The water-insoluble copolymers of vinylpyrrolidone which be used in the practice of the present invention, may be prepared by any of the conventional methods known in the art, including bulk, solution, emulsion, suspension or dispersion polymerization, with appropriate free radical catalysts such as peroxygen compounds, azo compounds, redox systems, radiation and other catalytic techniques for initiating free radical polymerization. Since the method of polymerization is not an integral part of the practice of the present invention, any suitable method known to those skilled in the art may be used.
The amount of one or more comonomers in the water-insoluble vinylpyrrolidone copolymers which are useful in the practice of the present invention may be varied from 20% to 80% by weight. The actual amount is determined by the nature of the comonomer and the concentration necessary to produce a water-insoluble copolymer.
The drug used in the practice of the present invention may be nicotine or its salts and also cotinine. The preferred drug is nicotine.
The compositions described in this application are particularly effective as aids in smoking-cessation programs. They can also be potentially useful in the treatment of attention deficit hyperactive disorder, Tourette's syndrome, schizophrenia, anxiety and depression.
The nicotine compositions which are useful in the practice of the present invention and provide sustained release of the drug, may be prepared by dissolving or dispersing the water-insoluble vinylpyrrolidone copolymer in a solvent such as ethanol, isopropanol, vegetable oils and petrolatum and admixing the polymer solution or dispersion with nicotine.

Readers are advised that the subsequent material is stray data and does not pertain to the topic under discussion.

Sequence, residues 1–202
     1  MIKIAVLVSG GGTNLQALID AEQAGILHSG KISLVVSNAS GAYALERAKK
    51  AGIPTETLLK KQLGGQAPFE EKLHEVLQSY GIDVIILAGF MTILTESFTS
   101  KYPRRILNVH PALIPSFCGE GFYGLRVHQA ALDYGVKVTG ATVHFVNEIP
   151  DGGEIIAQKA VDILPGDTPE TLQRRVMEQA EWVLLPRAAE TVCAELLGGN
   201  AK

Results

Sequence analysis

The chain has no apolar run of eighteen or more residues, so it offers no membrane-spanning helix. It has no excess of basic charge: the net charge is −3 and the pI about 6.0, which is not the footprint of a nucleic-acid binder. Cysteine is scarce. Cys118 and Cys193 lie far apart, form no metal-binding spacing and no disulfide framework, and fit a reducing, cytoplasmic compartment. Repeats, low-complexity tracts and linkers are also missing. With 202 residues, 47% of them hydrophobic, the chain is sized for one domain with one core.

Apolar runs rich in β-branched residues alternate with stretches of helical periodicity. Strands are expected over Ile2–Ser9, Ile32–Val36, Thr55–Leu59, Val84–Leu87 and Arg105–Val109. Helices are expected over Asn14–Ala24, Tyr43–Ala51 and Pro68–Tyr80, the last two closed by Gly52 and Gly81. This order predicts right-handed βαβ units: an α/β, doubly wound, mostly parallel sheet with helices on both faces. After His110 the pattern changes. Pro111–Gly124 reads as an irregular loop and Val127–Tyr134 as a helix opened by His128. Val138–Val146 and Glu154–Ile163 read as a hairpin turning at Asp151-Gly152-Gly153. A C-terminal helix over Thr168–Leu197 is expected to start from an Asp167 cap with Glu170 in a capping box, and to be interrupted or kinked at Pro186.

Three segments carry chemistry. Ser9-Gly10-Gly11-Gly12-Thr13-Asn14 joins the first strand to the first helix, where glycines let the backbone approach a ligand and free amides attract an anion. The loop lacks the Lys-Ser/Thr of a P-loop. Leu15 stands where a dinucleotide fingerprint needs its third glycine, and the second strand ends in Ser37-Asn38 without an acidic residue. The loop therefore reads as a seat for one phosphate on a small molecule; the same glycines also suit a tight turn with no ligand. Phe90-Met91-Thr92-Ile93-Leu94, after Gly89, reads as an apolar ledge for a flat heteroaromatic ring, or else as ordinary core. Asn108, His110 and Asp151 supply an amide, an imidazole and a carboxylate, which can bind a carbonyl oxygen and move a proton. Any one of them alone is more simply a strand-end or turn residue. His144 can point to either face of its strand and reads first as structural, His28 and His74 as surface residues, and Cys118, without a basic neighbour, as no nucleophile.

The solution, or dispersion, of the uncrosslinked water-insoluble vinylpyrrolidone copolymer and nicotine, in the presence or absence of an excipient, may be cast on a suitable surface and the solvent evaporated under ambient pressure or in vacuo, at ambient or slightly elevated temperature. The resultant film on the substrate surface or after removal from the substrate, contains nicotine and may be cut into strips or tapes which can be affixed to the skin of a patient for sustained release of the medicament.
The solution or dispersion of uncrosslinked, water-insoluble vinylpyrrolidone copolymer and nicotine may be applied directly to the skin of the patient and permitted to evaporate to form a film thereon, containing nicotine. The latter is slowly released from the film and absorbed into the skin of the patient.
A gel or thickened solution of nicotine and water-insoluble vinylpyrrolidone copolymer may be applied with greater control to a restricted area of skin than a low viscosity solution. The solution may be thickened by the addition of a small amount of a soluble high molecular weight natural or synthetic thickener or a cellulose derivative thickener of the type well known to those skilled in the art.
High surface area inorganic materials such as finely divided fumed silica are also effective thickeners. The addition of a small amount of such a material results in a marked increase in the viscosity of the solution. The resultant gel or thickened solution is thixotropic and flows readily during application but does not run after application to the skin. The large surface area of the silica thickener increases the rate of evaporation of the solvent and contributes to rapid drying and film formation. Nicotine in the formulation is slowly released and absorbed into the skin of the patient. At the end of the treatment time, the film may be removed by washing with soap and water.
The gel or thickened solution may be applied to the skin in a pre-measured amount from a tube, a roll-on dispenser, a graduated spatula or via a dosifying pump.
The solution of nicotine and water-insoluble vinylpyrrolidone copolymer in ethanol may be pressurized in an aerosol can and nicotine may be conveniently applied to the skin using an aerosol formulation containing one or more low boiling propellants.